The United States tax code is a complicated mess of differing rates, loopholes and subsidies. Regardless of what side of the political aisle you are on, I think it’s safe to say that tax reform is a bipartisan issue. One way that the U.S. government could help consumers and the environment is to impose a carbon tax on emissions and use the revenues gained from a carbon tax to partially or fully offset taxes on income and consumption. In other words, the tax would disincentivize CO2 emissions – an enormous negative externality projected to cost trillions of dollars – while allowing workers to retain more of their earnings and pay fewer taxes on the goods and services needed to better their lives. The carbon tax would be a far more efficient method of taxation, as it would properly tax externalities – just as Pigouvian tax theory recommends – while also stimulating the economy by encouraging consumption and spending. Of course, it’s unlikely that a carbon tax could provide enough new revenue to entirely eliminate more inefficient taxes, but it would certainly go a long way in reducing deadweight loss in the economy.
A carbon tax would also offer a powerful supplement to renewables subsidies. Indeed, it would work almost exactly like a subsidy, as it would increase the cost of dirty energy like coal and oil, making cleaner options like nuclear and renewables more competitive. This is particularly important in the context of nuclear energy because currently, nuclear energy generation is simply not price competitive with coal and oil. This wouldn’t seem like a huge problem because thanks to the Obama administration’s subsidies, renewables like wind and solar have increased by almost 400%. The problem, however, is that renewables don’t generate electricity constantly. Intermittent power generation due to varying wind strength and the day/night cycle impedes efficient and constant energy production. Thus, coal and nuclear reactors must be idled in the background in order to compensate for drops in renewable energy generation. Currently, coal is the preferred backup system due to its lower cost: It doesn’t require all of the regulatory and safety features a nuclear plant does, for example. However, this creates a paradoxical situation in which renewable energy is actually harmful to the environment because it requires coal plants to idle constantly, producing enormous amounts of pollutants and greenhouse gasses. By levying a carbon tax, however, the government would be able to level the playing field between coal and nuclear power, minimizing the number of coal plants used to supplement renewable energy and thus expediting the transition to an entirely clean power grid.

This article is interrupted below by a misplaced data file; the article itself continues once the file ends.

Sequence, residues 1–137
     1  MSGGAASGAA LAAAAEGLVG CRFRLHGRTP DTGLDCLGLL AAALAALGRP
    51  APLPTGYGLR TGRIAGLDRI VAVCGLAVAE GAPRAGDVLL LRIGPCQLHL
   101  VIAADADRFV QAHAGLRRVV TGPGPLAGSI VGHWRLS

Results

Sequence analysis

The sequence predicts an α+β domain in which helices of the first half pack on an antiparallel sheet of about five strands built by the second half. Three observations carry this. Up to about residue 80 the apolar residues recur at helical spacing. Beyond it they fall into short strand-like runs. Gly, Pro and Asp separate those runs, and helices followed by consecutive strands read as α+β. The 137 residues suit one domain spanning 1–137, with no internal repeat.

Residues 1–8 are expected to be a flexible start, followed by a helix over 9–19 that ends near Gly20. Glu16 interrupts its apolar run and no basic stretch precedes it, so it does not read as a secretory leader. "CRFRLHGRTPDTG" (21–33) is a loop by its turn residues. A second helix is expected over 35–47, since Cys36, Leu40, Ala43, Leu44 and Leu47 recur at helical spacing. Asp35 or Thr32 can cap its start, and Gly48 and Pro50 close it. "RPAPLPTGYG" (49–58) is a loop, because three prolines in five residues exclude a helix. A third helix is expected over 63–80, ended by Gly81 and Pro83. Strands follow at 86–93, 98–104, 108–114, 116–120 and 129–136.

Some advocates of pricing carbon argue that “cap and trade” represents a better system for regulating carbon emissions. Cap and trade is interesting in that it basically creates a market for carbon. The government caps the level of carbon that can be produced in a given region over a certain amount of time and then allows companies to sell their carbon to more energy intensive industries. So if a small cafe has installed solar panels and thus requires less carbon-generating electricity, it can sell some of its “dirty” megawatt hours to a nearby factory to generate some extra earnings. This is advantageous because instead of a government-mandated tax, market prices essentially determine the value of carbon emissions being bought and sold. It is also superior to a carbon tax in that it caps the total amount of CO2 being emitted, thus preventing emissions levels from rising. However, carbon taxes are far simpler to administer, as they are based on straightforward tax calculations. Moreover, they avoid some of the perverse incentives of cap and trade. For example, in Europe – where a cap and trade system exists – companies intentionally increased carbon-intensive energy consumption before cap and trade was enacted so as to raise the cap above the level it should have been set at and thus reap the economic benefits of selling megawatt hours that were never needed to begin with. Therefore, I prefer carbon taxing to cap and trade. It is easier to administer – meaning less government bureaucracy – and it can be far more easily applied to things like automotive transportation. Moreover, it does not generate the same perverse incentives that a cap and trade system does, leading to more accurate pricing of CO2 emissions.
Not everyone will support a carbon tax. Vested interests like those in the coal industry will argue vehemently against the imposition of anything that lowers their earnings. However, it’s important to remember that a carbon tax benefits all of society by minimizing environmental degradation and lowering taxes on income and consumption. There are always winners and losers when macroeconomic changes occur. Were a carbon tax to be imposed, though, there would be far more winners than losers.